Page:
Multiple sclerosis seems to be everywhere.  They have a front-page news-making “Sydney to the Gong” bike ride every year as a fundraiser, schools run the MS-Readathon so all the school kids are aware of MS, high profile people have it, there are magazines, articles and news stories galore.  And always there is a new story about an imminent cure – or a supposed cure.

So why am I frustrated at having so little information? Real information, I mean – not just good news stories such as “she has been battling MS for years and here is what she still achieves”.  Or that high doses of caffeine in mice can halt and even reverse the effects.

I need to know why it is that all the articles tell you that MS does not significantly alter your lifespan, yet there are innumerable examples of people who died of MS.

I need to know why lots of people have it with only very slow and gradual deterioration over 25 or 35 years – and I am talking about the progressive form now, not necessarily the relapsing-remitting which I know works differently – and yet my Don is in a nursing home unable to sit himself up or even turn himself over in the bed, whereas three years ago when we got the diagnosis we travelled to Sydney by train, took a bus along Parramatta Road, and walked the two blocks to Royal Prince Alfred Hospital to see the specialist, the only aid for Don being a walking stick and the only after-effect being extra fatigue the next day. In only three years!  Why is it that the disease is galloping in his body?  Is it our lifestyle? Diet? Some pre-existing condition that pre-disposes his system to a more rapid onset than others?  Is there absolutely nothing known whatsoever?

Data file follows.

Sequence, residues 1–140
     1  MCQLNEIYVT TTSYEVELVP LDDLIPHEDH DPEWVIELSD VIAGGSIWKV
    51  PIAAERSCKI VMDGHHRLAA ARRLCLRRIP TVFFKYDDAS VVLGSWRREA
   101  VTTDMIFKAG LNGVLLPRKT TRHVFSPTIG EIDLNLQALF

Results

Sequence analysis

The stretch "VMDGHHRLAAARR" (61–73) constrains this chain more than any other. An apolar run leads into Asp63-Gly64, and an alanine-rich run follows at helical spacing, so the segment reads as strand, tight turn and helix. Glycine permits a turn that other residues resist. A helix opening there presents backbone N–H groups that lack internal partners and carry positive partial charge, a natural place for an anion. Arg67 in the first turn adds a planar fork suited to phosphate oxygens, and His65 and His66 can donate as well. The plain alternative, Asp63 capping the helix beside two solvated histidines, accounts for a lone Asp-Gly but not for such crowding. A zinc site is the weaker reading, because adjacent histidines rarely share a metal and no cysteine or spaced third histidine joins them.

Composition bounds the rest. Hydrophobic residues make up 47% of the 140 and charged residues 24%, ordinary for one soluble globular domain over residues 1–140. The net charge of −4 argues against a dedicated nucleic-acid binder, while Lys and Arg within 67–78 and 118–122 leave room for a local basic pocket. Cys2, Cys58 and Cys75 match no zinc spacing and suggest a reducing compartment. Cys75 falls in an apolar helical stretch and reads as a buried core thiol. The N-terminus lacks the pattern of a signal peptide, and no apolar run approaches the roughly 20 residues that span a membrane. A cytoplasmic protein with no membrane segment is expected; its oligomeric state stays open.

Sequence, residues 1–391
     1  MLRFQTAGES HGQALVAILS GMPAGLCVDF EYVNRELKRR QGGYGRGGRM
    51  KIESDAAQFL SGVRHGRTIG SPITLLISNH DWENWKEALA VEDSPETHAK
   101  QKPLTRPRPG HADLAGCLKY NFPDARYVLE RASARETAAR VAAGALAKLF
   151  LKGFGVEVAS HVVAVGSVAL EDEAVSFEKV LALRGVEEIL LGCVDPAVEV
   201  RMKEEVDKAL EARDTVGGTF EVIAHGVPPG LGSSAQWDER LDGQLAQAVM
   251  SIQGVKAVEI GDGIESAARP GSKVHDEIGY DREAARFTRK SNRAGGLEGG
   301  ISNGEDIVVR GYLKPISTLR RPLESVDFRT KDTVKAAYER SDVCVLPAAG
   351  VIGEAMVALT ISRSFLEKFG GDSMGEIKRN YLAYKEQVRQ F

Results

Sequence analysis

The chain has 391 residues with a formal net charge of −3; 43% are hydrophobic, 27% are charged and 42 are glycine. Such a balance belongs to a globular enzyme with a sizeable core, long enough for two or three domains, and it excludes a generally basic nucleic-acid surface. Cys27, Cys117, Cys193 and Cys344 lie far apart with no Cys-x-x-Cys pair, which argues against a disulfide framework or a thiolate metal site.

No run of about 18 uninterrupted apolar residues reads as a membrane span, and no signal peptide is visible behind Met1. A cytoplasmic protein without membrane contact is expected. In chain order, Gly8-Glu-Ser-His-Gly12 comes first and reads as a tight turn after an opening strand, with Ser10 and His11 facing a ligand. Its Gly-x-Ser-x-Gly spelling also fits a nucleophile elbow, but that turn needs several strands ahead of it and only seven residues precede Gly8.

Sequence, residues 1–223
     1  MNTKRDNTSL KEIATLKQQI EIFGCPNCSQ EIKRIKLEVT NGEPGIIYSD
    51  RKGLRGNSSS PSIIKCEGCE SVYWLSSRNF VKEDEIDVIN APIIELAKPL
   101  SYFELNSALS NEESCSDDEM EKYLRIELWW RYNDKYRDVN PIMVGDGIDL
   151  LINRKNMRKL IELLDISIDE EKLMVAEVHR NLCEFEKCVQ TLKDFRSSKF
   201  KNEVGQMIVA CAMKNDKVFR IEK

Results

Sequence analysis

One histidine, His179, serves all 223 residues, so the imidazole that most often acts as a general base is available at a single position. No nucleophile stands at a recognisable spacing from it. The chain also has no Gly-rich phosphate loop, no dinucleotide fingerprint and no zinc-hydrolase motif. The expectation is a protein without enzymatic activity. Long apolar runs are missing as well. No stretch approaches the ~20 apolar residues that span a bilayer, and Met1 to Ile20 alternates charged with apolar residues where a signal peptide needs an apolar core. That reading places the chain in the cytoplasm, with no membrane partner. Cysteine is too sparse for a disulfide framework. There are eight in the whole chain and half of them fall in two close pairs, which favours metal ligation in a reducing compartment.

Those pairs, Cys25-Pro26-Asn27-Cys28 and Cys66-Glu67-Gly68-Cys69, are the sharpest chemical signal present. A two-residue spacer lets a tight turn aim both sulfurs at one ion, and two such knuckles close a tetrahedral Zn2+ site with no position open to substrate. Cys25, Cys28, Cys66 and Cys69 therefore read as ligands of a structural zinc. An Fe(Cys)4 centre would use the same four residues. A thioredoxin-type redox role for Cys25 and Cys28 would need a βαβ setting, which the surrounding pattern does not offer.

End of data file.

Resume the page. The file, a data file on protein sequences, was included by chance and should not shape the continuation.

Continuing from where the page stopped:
I need to know why it is that when there is a new treatment that is still in its early experimental stage, we are not being urged to act as guinea pigs and give it a go.  Because, God knows, we have absolutely nothing to lose.

Such as the new LDN treatment, which I mentioned in an earlier blog, and to my surprise I’ve had a number of quite positive responses to that – all of them telling me of the marked improvement once the drug was started.  Well, the doctor was dubious but said if we were really keen he would give us a prescription – so we are going to try it. Since writing that blog and getting that somewhat tentative agreement from the doctor, our world has collapsed in other ways so we have not pursued it, but I am now determined to do so.

Because, despite the assurances that MS does not affect one’s longevity, I am beginning to think it is a life-and-death matter after all.